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For Bill Therecka’s Grille 122 and others, ʽFirst Daysʼ are time to shine

By Rod Lee

The unveiling of Grille 122 Restaurant and Bar in the Linwood neighborhood of the town of Northbridge in early July after months of hard work renovating the premises amounts to a personal triumph for Owner Bill Therecka—and a dream come true for customers who have been eagerly waiting for the establishment to open its doors.

Mr. Therecka’s experience in overcoming the many impediments that stood in the way of the former Brian’s being brought back to life is typical of “First Days” in the restaurant business.

In his case, he said the afternoon of July 23rd while discussing Grille 122 in a booth overlooking Providence Road, it was recreating a pub-style atmosphere featuring comfort food that patrons remembered with fondness and were looking for again.

Mr. Therecka has done exactly that. The look and feel are the same in terms of warm and welcoming, and the response has been favorable as patrons surge forth from the parking lot across the street to sample the menu for lunch or dinner seven days a week.

A friend of Richard Duclos who is signature chef at Brigham & Women’s Hospital in Boston, Mr. Therecka has brought the skills he learned operating restaurants in the Moosup, Connecticut area to bear in creating Grille 122. Such able assisters as Attorney Tom Wickstrom, who handles Mr. Therecka’s legal matters, and Jim and Kim Roy, both of whom are closely affiliated with Grille 122, have helped immeasurably.

“I didn’t know what I was getting into,” Mr. Theracka, wearing a Nautica shirt, a smile and a friendly disposition, said. “I heard about this place from my Sysco guy. We are in the early stages right now. We need to get situated to the point where things go smooth. Little things have to be worked out. I’ve always been like that, ʽhow do we improve?’”

Bill Therecka at the handsome bar at Grille 122, which he personally had a hand in creating.

The challenges Mr. Therecka faced are similar to ones other restaurateurs in the Blackstone Valley and South County have encountered starting out, or building on an existing operation.

They vary, however, from restaurant to restaurant.

For Steve Londregan and his team at Chuck’s Steak House & Margarita Grill in Auburn, the First Days were like walking a tightrope, so to speak. Chuck’s is home to such delights as the Jumbo Shrimp Cocktail, Sicilian Calamari, soups and salads, Slow-Roasted Prime Rib, Filet Mignon and Surf & Turf.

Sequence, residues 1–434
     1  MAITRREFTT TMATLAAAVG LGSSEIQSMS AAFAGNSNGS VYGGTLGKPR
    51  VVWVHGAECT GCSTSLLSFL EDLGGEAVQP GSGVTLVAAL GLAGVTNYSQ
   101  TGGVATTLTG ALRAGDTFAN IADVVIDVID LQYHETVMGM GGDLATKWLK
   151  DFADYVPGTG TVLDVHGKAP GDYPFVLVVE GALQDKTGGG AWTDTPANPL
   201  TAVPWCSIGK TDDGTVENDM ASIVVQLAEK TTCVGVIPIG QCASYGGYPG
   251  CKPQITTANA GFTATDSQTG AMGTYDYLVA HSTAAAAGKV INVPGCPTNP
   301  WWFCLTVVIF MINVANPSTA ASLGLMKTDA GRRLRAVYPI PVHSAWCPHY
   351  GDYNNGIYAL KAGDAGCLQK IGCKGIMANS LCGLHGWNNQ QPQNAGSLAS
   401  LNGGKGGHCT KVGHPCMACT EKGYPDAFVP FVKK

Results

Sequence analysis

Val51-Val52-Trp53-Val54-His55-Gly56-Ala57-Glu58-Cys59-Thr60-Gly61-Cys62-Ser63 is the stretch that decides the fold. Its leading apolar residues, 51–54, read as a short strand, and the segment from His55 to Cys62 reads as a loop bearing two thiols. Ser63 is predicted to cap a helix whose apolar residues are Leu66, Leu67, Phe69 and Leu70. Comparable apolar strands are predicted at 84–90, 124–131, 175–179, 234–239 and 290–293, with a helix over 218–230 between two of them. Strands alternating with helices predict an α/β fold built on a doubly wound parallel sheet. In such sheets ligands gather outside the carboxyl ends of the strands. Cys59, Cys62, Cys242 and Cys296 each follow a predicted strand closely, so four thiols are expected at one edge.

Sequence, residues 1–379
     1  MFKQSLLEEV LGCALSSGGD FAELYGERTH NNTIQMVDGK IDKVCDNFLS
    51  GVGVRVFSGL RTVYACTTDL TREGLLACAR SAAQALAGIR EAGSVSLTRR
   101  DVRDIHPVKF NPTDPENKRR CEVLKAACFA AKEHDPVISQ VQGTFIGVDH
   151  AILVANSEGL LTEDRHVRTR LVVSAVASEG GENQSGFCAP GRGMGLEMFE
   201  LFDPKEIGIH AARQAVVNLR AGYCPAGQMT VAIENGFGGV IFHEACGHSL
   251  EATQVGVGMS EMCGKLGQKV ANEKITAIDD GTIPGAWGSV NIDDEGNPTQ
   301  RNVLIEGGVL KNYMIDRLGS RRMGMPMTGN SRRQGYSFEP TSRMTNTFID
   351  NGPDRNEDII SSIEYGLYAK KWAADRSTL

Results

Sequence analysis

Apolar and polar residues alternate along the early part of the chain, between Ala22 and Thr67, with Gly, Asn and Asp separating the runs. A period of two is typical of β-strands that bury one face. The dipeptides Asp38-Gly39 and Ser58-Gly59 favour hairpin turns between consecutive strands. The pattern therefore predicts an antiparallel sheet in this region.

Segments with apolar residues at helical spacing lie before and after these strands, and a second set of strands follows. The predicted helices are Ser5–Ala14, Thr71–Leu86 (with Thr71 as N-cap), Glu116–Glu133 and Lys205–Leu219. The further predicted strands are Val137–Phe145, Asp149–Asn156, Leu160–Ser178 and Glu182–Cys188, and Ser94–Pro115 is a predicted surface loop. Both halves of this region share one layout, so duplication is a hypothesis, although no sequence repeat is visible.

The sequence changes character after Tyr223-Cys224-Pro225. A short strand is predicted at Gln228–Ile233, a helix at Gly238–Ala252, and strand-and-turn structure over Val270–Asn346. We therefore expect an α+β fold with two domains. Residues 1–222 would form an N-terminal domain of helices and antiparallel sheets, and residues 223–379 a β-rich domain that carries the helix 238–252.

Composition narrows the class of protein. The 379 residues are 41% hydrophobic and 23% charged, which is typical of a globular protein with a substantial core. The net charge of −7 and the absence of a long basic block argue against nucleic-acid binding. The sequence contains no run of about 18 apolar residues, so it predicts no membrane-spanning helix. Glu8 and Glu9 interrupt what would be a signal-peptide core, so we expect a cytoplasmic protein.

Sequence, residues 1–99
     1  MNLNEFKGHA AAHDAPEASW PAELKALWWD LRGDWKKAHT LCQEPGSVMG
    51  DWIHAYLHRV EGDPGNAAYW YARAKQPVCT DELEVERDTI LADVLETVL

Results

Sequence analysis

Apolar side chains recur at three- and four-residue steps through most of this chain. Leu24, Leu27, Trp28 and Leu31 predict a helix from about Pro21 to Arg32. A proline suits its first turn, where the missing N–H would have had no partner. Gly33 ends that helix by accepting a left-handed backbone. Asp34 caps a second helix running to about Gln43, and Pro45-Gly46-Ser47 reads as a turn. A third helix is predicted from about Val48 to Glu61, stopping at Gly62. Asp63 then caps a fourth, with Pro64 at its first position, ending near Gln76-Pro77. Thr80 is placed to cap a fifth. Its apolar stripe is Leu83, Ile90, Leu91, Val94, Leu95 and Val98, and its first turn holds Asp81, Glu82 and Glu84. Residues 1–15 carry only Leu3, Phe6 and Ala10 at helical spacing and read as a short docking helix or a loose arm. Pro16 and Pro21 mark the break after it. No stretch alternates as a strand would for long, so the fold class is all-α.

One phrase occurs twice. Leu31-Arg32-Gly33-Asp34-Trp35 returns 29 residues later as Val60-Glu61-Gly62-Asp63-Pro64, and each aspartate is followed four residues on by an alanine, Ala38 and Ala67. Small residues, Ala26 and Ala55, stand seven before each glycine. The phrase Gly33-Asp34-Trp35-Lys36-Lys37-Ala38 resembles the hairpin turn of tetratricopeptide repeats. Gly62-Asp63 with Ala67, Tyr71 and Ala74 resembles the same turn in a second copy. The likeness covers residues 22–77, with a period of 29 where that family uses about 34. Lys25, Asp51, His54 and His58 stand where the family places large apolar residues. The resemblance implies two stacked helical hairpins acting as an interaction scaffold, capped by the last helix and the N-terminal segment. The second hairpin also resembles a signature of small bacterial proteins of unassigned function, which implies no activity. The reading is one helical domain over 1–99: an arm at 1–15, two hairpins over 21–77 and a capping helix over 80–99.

“I would say the biggest hurdle is trying to balance your time between family and business,” Mr. Londregan said on July 22nd. “You want to be, or feel you need to be, at your business 24/7 but you can’t forget about your family. Don’t forget what’s really important.”

For Elaine Cowan, chef and owner of The UXLocale in Uxbridge (celebrated for its pasta and pizza), putting her restaurant on a firm footing has required overcoming “the unforeseen—equipment fails, permits, staffing. But with that being said, timing is everything. I would not have been able to be successful without the help of my children, who have both brought their unique talents and effervescent personalities to the table.

“I waited a very long time to make this dream come true, in part because I knew the hours it would take, and I wasn’t willing to sacrifice that much time away from my family,” Ms. Cowan said. “But now I have the best of both worlds with my children at my side. Sometimes there is a strain for sure…we get on each other’s nerves, but, at the end of the day, it’s all good.”

For Jason Villatico of J. Anthony’s Italian Grill in Auburn, who took over the former Periwinkle’s from his parents seven years ago, “operational costs” including an increasing minimum wage, are his biggest headache. “Even though I wasn’t working here from Day One, I was part of the restaurant business, running around, hiding under tables,” Mr. Villatico said. “My dad (Arnie) was working eighty, ninety hours a week. It was his baby.”

Confronted with expenses that continue to climb, Mr. Villatico said “I don’t quit. I don’t have that attitude. You have to evolve. It’s all about changing with the times.”

“Unlimited salad bar” is one of the draws at J. Anthony’s Italian Grill in Auburn.

Jim Taylor at Bentley Pub in Auburn said as the lunch hour began on July 24th that he was luckier than most in having a building (the former Piccadilly Pub) and an established clientele to work with when Bentley Pub opened in July of 2012.

“I took over a successful restaurant that had only been closed for three months, so I was fortunate enough to ride their coattails,” Mr. Taylor said. “I have twenty-eight employees who started with me then who had worked for Piccadilly Pub; 95% of them were Piccadilly people.”

“Unlimited salad bar” is one of the draws at J. Anthony’s Italian Grill in Auburn.

First Days at Grille 122, meanwhile, were understandably hectic, Mr. Therecka said.

“We were asking ourselves where are the knives, where are the forks, where’s this or that?”

Contact Rod Lee at [email protected] or 774-232-2999.

The Lobster Roll on a Crispy Bun is a favorite at Bentley Pub in Auburn.